Cochise County, Arizona
Whenever I visit my mother in Abbey Country, I try to take her to someplace she’s never been before. My mom is over 90 now, a world traveler who still lives alone with relative autonomy. She’s buried a husband, son, and grandson. She is as wise as her years. There isn’t a lot she hasn’t seen. When my dad was alive, they traveled to many places near their southern Arizona home, so finding something new can be a challenge. Amazingly, she’d never been to Kartchner Caverns, a state park about 20 minutes from her house. I went there a few years ago with my husband and sons, so I already knew how indescribably special it is. Not even photographs can express the cavern’s intricacy and majesty. I figured the walk would be too much for her, half a mile in dim light, so we borrowed a wheel chair at the front desk, hopped on the tram, and I wheeled her into the side of a very ordinary looking little mountain.
Cavers Gary Tenen and Randy Tufts discovered the caves in 1974 and kept them a secret so they wouldn’t get trashed by idiotic people, and thank goodness they did. Ranger Dave, who led our tour, said that men walked on the moon before setting foot in this natural cathedral. Dave, who seems to be a reincarnation of Mark Twain (who himself was a big fan of stalactites and stalagmites) was quite solicitous toward my mom, making sure she could see clearly from her perch in the chair. Her enthusiasm got the better of her several times, and she practically leapt from her seat, holding the rail and staring at the unique and bizarre formations that always look more to me like beeswax than millennia of rock, water, and nature’s chemistry. Wheeling her up and down the ramps, looking down at her soft grey curls and delicate shoulders, I felt a different kind of love for her than I’ve ever felt for anyone. It is not exactly a direct inversion, when the child begins to care for the parent. It is a sort of poetic payback, a retributive act that is in its own way romantic and warm. Pete, Ranger Dave’s assistant, kept a special eye on us, locking the chair for me when we stopped on inclines, offering his own brand of humor in his deep baritone. “What’s the difference between a cave and a cavern? A cavern has a gift shop.” Mom didn’t miss one joke, one soda straw formation or trippy “bacon strip”, or the deeply spiritual tone of the hidden world of Kartchner.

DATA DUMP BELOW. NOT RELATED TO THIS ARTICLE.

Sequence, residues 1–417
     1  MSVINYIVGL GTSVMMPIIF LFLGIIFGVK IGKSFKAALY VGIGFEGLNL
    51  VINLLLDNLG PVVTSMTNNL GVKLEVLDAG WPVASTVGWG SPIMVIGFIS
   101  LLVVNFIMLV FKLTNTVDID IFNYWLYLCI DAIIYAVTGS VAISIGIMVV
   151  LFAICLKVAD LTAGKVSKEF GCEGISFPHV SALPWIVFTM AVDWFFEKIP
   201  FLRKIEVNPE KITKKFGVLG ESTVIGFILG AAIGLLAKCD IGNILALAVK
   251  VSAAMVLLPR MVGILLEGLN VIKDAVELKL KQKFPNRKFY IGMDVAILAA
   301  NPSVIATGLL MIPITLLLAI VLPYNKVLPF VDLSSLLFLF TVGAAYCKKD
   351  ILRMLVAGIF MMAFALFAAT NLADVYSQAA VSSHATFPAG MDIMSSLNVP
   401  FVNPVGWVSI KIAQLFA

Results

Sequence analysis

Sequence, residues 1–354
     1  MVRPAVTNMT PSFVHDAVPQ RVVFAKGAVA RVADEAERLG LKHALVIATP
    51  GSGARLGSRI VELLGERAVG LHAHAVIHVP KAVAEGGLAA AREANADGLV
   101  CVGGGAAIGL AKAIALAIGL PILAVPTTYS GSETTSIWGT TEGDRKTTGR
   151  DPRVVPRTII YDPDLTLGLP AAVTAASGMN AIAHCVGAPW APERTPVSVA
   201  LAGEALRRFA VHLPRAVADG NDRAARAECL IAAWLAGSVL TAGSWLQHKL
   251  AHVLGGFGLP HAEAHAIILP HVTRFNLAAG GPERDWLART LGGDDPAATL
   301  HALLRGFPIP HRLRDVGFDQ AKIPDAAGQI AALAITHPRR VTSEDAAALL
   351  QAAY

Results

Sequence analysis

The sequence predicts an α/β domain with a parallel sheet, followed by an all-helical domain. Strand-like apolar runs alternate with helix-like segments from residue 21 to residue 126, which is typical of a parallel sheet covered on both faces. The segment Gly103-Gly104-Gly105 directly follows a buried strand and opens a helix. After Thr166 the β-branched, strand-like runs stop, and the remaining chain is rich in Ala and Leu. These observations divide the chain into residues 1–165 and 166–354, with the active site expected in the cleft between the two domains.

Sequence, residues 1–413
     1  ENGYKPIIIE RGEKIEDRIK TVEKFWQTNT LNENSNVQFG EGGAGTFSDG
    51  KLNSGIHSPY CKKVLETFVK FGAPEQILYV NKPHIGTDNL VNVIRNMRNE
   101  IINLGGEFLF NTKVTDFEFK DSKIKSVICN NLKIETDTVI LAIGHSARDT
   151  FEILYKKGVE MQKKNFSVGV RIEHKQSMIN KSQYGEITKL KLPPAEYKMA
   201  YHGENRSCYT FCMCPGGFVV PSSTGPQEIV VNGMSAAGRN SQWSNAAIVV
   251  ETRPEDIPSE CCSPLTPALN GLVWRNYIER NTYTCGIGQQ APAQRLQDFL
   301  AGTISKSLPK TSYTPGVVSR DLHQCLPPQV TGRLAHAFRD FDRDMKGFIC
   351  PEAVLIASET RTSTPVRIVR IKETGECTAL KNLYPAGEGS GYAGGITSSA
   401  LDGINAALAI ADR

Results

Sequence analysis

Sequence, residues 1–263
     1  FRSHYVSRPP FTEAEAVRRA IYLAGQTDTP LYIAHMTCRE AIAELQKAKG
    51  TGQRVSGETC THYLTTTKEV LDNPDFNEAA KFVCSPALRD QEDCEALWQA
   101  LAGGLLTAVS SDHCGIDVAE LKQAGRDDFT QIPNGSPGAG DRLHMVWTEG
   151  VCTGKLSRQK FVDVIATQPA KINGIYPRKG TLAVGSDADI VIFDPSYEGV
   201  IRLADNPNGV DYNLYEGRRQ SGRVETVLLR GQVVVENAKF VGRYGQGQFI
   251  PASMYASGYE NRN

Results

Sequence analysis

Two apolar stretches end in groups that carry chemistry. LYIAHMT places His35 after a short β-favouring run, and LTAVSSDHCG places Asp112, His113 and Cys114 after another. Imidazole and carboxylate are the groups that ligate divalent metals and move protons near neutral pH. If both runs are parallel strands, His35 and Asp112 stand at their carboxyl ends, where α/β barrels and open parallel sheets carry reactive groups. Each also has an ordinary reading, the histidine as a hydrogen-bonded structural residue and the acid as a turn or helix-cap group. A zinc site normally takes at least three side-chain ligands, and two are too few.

When Tenen and Tufts set out to keep their secret, they gave the caves the code name Xanadu. The most magnificent formation in the Throne Room they named Kubla Kahn. There are benches in front of this formation, and the tour ends here with a light show, complete with music. I sat next to her, she in the chair, I on the bench, in perfect silence. I thought of all the Masses she’d taken me to, then later dragged me to, all the Hail Marys and Memorares I recited with her throughout my childhood. Now, here we were in my church, and she got it.
Witnessing her enthusiasm for this gorgeous place filled me with pride. Once again I’d succeeded in showing her something new in her own back yard. She came into my room to tuck me in that night, and put her hand over her heart, holding it there, pressing gently. “Thank you so much,” she said, “for showing me those caverns. We will always have that now.” Our identical green eyes danced with each other a moment. All around us, we felt peace.
[This link offers a map of the Caverns, and clicking on the map offers you several photographs. Visitors are not allowed to take photographs inside the caves. Extensive information about the Caverns is available onllne.) http://www.pr.state.az.us/Images/parkmaps/kartchner_map.html